Slant Magazine's Scores

For 2,204 reviews, this publication has graded:
  • 32% higher than the average critic
  • 2% same as the average critic
  • 66% lower than the average critic
On average, this publication grades 9.7 points lower than other critics. (0-100 point scale)
Average Movie review score: 52
Lowest review score: 0 Rites of Spring
Score distribution:
2,204 movie reviews
  1. A slick, entertaining offering, playing at times like a tarted up "E! True Hollywood Story."
  2. David Siegel and Scott McGehee's film renders the rhapsodic Henry James novel of the same name into an abhorrent slice of tasteless familial drama.
  3. Alice Winocour's take on this true story carries the superficial trappings of a period drama, but its perspective is entirely contemporary.
  4. Tim Burton's sense of playfulness feels forced throughout, and as the film progresses, any humor or inventiveness takes a backseat to tumultuous set pieces that reference Frankenstein.
  5. Hovering over the narrative is the fear of the domino effect that change can enact, the dread that one person's "queerness" may perhaps expose everyone else's.
  6. Rather than bringing out the symbolic inner lives of the characters, these sequences seem like the intrusion of an aggressive authorial personality on a film whose subject-as well as the fact of Har'el's outsider status-demands that the filmmaker simply sit back and observe.
  7. It only conveys the awesome strangeness of its characters and their universe when director Brian Singer breaks away from the perpetual build-up of the film's unwieldy plot.
  8. Alejandro Landes's Porfirio is an ugly movie to watch, but it's not without purpose.
  9. Polisse has been compared to "The Wire," but beyond a shared interest in the Sisyphean nature of police work, the two are mostly comparable as inverses of each other.
  10. Fake It So Real has been made with considerable more polish than other do-it-yourself documentaries such as "Total Badass," but the sensibility is similar.
  11. The documentary not only humanizes Ingmar Bergman as the absent lover-cum-father of everyday life, but works as a priceless oral history of cinema.
    • 74 Metascore
    • 63 Critic Score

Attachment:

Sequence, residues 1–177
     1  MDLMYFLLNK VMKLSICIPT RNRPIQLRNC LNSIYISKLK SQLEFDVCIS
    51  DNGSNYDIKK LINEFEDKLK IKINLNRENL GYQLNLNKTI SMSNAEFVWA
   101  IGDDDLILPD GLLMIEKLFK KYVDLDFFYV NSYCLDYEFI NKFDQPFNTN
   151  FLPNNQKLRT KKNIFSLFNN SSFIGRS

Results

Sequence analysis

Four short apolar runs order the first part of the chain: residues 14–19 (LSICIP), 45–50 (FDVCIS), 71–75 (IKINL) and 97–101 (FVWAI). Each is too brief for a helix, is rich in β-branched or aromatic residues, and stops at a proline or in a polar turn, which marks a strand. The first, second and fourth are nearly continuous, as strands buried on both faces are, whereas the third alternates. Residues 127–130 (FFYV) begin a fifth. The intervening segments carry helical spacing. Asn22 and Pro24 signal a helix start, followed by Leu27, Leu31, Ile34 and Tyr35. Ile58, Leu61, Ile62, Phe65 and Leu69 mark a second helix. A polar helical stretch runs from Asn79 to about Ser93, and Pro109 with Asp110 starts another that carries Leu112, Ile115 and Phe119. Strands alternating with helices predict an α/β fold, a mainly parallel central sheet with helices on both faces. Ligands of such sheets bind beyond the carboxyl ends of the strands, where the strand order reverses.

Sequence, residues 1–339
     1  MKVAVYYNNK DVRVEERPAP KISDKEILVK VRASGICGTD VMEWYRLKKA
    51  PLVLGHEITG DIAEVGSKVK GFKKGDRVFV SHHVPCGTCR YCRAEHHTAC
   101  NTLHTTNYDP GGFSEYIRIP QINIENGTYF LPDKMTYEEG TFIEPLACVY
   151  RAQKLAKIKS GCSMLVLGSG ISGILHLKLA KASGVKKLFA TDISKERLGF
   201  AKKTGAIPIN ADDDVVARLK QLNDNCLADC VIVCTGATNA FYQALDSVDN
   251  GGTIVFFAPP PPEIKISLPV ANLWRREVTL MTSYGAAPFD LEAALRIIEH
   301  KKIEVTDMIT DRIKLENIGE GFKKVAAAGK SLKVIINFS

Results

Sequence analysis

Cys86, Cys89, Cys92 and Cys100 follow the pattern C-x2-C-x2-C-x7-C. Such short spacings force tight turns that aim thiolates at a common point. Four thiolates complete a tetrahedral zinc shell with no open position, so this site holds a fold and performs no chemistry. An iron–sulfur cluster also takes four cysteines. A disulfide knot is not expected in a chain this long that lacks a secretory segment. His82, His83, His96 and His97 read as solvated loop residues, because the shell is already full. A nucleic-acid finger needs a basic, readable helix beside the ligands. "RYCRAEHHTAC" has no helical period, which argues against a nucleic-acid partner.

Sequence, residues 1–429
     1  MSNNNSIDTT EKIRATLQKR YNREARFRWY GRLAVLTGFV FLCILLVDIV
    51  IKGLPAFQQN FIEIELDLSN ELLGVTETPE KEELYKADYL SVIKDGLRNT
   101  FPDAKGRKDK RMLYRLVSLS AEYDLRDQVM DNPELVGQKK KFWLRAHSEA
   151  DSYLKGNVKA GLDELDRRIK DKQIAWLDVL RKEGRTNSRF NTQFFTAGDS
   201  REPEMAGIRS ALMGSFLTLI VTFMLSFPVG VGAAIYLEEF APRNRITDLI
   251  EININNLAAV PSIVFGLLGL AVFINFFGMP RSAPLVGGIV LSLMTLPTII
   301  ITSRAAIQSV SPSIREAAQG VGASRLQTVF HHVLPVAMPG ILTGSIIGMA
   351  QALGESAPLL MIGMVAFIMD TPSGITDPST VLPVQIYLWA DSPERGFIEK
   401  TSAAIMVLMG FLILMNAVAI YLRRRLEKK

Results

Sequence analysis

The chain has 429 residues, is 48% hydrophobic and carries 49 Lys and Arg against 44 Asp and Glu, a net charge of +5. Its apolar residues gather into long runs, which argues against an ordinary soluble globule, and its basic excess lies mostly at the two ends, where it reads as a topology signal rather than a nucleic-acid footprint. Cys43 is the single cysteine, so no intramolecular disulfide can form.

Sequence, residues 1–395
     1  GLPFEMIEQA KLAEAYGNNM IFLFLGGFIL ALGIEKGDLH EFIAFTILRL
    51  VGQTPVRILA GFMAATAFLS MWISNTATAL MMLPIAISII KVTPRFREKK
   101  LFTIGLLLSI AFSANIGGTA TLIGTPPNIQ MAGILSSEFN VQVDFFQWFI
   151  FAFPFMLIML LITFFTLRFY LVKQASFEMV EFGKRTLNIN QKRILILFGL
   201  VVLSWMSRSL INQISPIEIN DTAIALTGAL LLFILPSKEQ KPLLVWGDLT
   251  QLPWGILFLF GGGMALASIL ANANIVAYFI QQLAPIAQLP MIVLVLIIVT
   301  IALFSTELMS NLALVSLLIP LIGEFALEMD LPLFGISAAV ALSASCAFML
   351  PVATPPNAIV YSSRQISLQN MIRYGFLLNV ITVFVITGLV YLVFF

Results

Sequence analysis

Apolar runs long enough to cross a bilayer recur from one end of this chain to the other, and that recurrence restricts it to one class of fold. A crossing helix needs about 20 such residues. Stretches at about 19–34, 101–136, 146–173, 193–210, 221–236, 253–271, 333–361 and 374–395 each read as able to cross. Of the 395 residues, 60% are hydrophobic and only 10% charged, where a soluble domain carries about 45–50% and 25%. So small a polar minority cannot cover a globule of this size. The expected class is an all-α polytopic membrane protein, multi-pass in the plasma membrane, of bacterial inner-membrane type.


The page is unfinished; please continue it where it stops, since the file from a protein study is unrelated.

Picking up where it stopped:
The documentary revels in the simple joys of finding something that captures the eye and paying attention to it.
  12. A movie which sits at the nexus between spoken and written language, the latter mostly of the programming variety.
  13. Tomboy is one of those little big films whose simplicity and concision suggest the excess of meaning that language (cinematic or otherwise) could never account for.
  14. Keith Miller doesn't always trust the fluency of his visual language, occasionally forcing a point that's already being captured.
    • 74 Metascore
    • 50 Critic Score
    Leaves us moved by poignant scenes of victims' shattered lives, but, for reasons unclear, keeps the bullies themselves largely out of our reach.
  15. Pooh's moral triumph isn't all that weighty, but it's almost existentially profound to see the silly old bear forgo honey a little while longer because of someone else's needs.
  16. Lacking both spiritual and narrative spark, Vera Farmiga's directorial debut suffers from her flat performance and a moribund, weirdly sex-joke-spiked narrative.
  17. The film's empowering themes of feminine strengths and bonds eventually flourish in novel fashion.
  18. Its looseness adequately portrays Plimpton as an inwardly conflicted figure, but it fails to make much of a case for his legacy outside of The Paris Review's still-noticeable brand.
  19. The film's highly calculated beauty suffocates rather than elevates the story's emotional underpinnings.
  20. It's the rare film that should not introduce new story elements or characters past its first act. In Darkness, a garbage movie applying for unlimited credit on the most meager collateral, is that film.
  21. Underlying the occasionally harrowing, consistently mournful tone is a philosophy that, more than being explicitly anti-capital punishment, puts both family ties and the social contract at the center of people's self-worth.
  22. The film is most interesting as an articulation of how its main character's initial status as an emblem of inter-religious understanding quickly dissolves following a suicide bombing.
  23. It would be inaccurate to call Happy People: A Year in the Taiga the newest Werner Herzog film.
  24. Anton Corbijn constructs a stifling world of shadowy surveillance and intersecting national interests, building on John Le Carré's sense of moral and emotional exhaustion.
    • 74 Metascore
    • 63 Critic Score
    It works as a reminder of the important interactiveness of the performing arts, of actors evoking the drama, action, and emotion that computers and machines cannot.
  25. Moussa Touré's worldview, like Ousmane Sembene's, is characterized by the feeling that, at the end of the day, some degree of loss or defeat is inevitable.
  26. Possibly year's most immaculate-looking drivel, a prismatically shot whodunit abundant in red herrings, but lacking in moral contemplation.
    • 74 Metascore
    • 75 Critic Score
    As great and intimate as Live at Massey Hall 1971 may be, it's not as transportive as this filming of a Neil Young performance at the venue 30 years later.

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